comfortably in gift-shop CD territory here. The genre is
difficult; is the intention to popularise the organ in general
or demonstrate in the instrument in question? Mostly such
CDs end up trying to do a bit of both. This example however
is rather clichéd and lazily conceived. Both of these shortcomings
are a shame, as the playing of St Paul’s Cathedral sub-organist
is always virtuosic and well controlled, if only occasionally
much of the music here has been recorded before. We just
don’t need another Rhosymede, Master Tallis, Trumpet Voluntary,
Nimrod, Thalben-Ball Elegy or Widor Toccata. At least not
all on one CD. The result is a programme of exclusively short
pieces, the longest clocking in at less than seven minutes.
A sort of Classic-FMifying of the organ.
so is it possible to conceive a really successful gift-shop
CD of your Cathedral organ? I think so. The best examples
which spring to mind are David Briggs’s ‘Popular Organ Music
Volume 2’ on Priory (PRCD 568) including transcriptions of
music by Dukas and Tchaikovsky, a reconstructed improvisation
by Cochereau and music by Bach an Alain, and, far less known
in the UK a stunning disc by Friedrich Fröschle of ‘his’ Walcker
organ in the Cathedral of Ulm. The latter features the Choral
Varié of Duruflé, music by Bach and Krebs - which don’t really
work on the organ but never mind - a Reger Fantasia, and
the finest recorded performance of Gaston Litaize’s fiendish
Prélude et Danse Fuguée which I know of. It has now been
re-released on Hänssler with the number HAN 98954. The key
is not only in the variety of repertoire, or even in its
familiarity - very little organ repertoire is familiar to
anyone except organ buffs - but in the imaginative presentation
of a programme of some genuine substance.
highlights of the present release are to be found in the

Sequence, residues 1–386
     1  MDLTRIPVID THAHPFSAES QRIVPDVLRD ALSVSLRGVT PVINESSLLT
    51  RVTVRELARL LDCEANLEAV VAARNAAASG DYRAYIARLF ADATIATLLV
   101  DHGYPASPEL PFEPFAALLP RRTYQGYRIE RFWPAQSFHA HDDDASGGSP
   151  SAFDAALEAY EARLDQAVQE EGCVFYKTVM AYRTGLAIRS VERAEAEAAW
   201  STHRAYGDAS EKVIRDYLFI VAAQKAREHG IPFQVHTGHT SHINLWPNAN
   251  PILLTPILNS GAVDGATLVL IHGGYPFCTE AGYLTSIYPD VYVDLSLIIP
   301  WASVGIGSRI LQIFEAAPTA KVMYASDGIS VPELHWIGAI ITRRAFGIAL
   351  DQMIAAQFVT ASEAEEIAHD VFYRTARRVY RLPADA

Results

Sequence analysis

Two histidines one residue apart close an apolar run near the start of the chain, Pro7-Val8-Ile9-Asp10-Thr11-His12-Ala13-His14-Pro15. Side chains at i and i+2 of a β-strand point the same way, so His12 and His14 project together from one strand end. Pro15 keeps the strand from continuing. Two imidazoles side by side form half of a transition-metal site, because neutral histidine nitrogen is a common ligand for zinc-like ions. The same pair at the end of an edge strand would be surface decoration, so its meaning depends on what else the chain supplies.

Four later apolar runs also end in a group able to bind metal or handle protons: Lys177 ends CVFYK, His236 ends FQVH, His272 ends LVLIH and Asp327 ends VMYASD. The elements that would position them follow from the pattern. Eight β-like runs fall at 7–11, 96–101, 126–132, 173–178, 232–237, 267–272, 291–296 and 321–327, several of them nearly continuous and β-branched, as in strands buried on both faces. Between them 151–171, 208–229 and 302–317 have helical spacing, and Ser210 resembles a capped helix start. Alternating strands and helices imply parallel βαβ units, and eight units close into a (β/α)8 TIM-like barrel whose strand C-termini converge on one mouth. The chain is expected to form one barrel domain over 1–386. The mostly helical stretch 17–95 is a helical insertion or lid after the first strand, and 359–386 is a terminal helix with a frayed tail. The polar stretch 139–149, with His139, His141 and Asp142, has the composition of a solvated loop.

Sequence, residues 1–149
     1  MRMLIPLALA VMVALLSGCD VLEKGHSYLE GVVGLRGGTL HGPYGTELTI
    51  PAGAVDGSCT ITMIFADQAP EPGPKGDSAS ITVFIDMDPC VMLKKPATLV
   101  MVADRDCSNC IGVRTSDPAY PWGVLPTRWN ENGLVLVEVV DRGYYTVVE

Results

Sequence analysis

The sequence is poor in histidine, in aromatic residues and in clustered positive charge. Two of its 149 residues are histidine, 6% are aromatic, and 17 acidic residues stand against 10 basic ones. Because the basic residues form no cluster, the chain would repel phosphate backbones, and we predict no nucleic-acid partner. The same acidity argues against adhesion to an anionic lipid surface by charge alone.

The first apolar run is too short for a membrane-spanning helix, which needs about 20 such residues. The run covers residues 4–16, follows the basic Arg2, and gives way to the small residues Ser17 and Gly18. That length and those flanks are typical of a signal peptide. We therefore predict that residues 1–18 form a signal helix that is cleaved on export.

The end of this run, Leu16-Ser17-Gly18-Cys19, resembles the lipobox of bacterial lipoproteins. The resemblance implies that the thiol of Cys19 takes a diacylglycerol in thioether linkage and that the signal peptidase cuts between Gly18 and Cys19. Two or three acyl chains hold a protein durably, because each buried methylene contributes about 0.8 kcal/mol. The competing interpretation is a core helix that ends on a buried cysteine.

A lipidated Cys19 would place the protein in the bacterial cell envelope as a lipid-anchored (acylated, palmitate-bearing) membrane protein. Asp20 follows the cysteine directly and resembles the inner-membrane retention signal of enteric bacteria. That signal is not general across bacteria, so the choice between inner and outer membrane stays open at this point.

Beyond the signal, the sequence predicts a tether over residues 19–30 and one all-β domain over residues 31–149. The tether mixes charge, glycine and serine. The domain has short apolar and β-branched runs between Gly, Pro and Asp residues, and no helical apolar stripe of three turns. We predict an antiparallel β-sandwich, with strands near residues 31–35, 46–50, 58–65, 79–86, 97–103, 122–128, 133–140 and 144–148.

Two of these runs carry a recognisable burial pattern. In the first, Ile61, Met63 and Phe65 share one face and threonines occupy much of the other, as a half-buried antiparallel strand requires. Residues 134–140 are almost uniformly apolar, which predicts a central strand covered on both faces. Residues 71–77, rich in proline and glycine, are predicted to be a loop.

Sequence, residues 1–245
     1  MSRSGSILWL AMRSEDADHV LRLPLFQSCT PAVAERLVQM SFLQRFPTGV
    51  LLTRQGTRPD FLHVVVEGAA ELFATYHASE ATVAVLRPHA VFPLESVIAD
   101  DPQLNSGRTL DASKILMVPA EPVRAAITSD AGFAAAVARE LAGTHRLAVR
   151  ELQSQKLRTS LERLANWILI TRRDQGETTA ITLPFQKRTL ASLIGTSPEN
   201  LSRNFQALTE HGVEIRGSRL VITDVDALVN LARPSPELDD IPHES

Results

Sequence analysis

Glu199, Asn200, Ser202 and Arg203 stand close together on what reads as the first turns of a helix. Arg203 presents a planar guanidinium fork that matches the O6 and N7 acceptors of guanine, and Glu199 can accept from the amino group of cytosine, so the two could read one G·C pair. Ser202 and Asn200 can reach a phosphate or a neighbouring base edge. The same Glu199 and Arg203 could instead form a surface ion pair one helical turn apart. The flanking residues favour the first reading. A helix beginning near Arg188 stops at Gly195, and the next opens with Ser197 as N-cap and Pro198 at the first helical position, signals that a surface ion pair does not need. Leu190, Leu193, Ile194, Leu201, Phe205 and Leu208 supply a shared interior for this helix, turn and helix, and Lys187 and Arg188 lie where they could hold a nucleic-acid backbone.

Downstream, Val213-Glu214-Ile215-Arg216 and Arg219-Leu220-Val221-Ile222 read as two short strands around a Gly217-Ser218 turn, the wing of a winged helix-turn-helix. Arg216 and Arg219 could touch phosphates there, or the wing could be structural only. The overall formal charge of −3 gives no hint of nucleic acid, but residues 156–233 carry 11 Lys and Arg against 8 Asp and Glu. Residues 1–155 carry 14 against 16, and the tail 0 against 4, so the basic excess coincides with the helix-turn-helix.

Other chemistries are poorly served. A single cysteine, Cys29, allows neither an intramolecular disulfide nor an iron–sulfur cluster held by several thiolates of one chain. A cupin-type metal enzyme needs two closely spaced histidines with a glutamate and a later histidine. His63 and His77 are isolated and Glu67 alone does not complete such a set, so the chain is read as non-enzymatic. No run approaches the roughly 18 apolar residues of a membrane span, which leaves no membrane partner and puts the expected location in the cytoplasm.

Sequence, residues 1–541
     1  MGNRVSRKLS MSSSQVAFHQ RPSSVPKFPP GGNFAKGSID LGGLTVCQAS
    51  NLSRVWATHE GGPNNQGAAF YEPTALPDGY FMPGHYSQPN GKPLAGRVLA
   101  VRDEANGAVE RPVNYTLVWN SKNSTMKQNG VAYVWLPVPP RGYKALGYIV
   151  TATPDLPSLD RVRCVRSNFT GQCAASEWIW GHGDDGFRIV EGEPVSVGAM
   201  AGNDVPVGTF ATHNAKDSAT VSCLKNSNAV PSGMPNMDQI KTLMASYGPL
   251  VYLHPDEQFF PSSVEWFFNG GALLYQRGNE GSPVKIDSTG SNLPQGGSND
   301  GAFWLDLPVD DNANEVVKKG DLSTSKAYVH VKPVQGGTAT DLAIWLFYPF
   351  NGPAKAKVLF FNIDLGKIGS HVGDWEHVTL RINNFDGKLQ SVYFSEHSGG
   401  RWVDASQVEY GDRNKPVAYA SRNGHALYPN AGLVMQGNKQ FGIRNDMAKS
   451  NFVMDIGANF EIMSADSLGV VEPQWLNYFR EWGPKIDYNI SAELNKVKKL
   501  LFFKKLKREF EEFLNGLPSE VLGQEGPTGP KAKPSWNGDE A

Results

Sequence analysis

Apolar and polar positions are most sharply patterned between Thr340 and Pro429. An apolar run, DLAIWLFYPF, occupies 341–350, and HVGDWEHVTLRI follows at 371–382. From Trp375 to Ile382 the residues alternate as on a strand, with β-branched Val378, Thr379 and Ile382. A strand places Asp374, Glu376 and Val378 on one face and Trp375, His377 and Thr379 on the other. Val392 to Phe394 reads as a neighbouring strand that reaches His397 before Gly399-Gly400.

English repertoire – Ireland’s Capriccio is quite wonderfully
played as is the middle movement of the Bairstow sonata.
This is undoubtedly Williams’ best repertoire. Elsewhere
the Meyerbeer - is that the Wurlitzer trumpet in the Dome
or another? - and Praetorius offerings are good fun. It’s
also nice to hear Herbert Murrill’s Carillon again, I grew
up listening to a recording of Simon Preston play this at
Westminster Abbey on an LP of my father’s. Elsewhere though
the Lefébure-Wély is treated in a typically non-serious way:
listen ye doubters please to this disc to
hear how his music can sound (see review)! Lefébure-Wely
was a serious composer! The Widor is also typically superficial,
no-one believe, despite the composer’s own recording, Widor’s
tempo mark, so bound up with the left hand articulation?
Listen to Michel Bouvard’s new recording on Solstice (SOCD
233) from Toulouse to hear the real meaning of the piece!
Bouvard takes 70 seconds longer over it than Williams despite
St Paul’s having around 2½ times the acoustic of St Sernin.
from these moans, it has to be said that Williams’s command
of the mammoth Willis/Mander is excellent, and, in the English
repertoire he comes into his own. The organ sounds impressive
despite an obviously close - and high? - microphone placement.
I would like to hear this player in some meaty repertoire
next time and in a better conceived release in general.
Donate and keep us afloat
Follow us on Twitter
Seen & Heard
Editor in Chief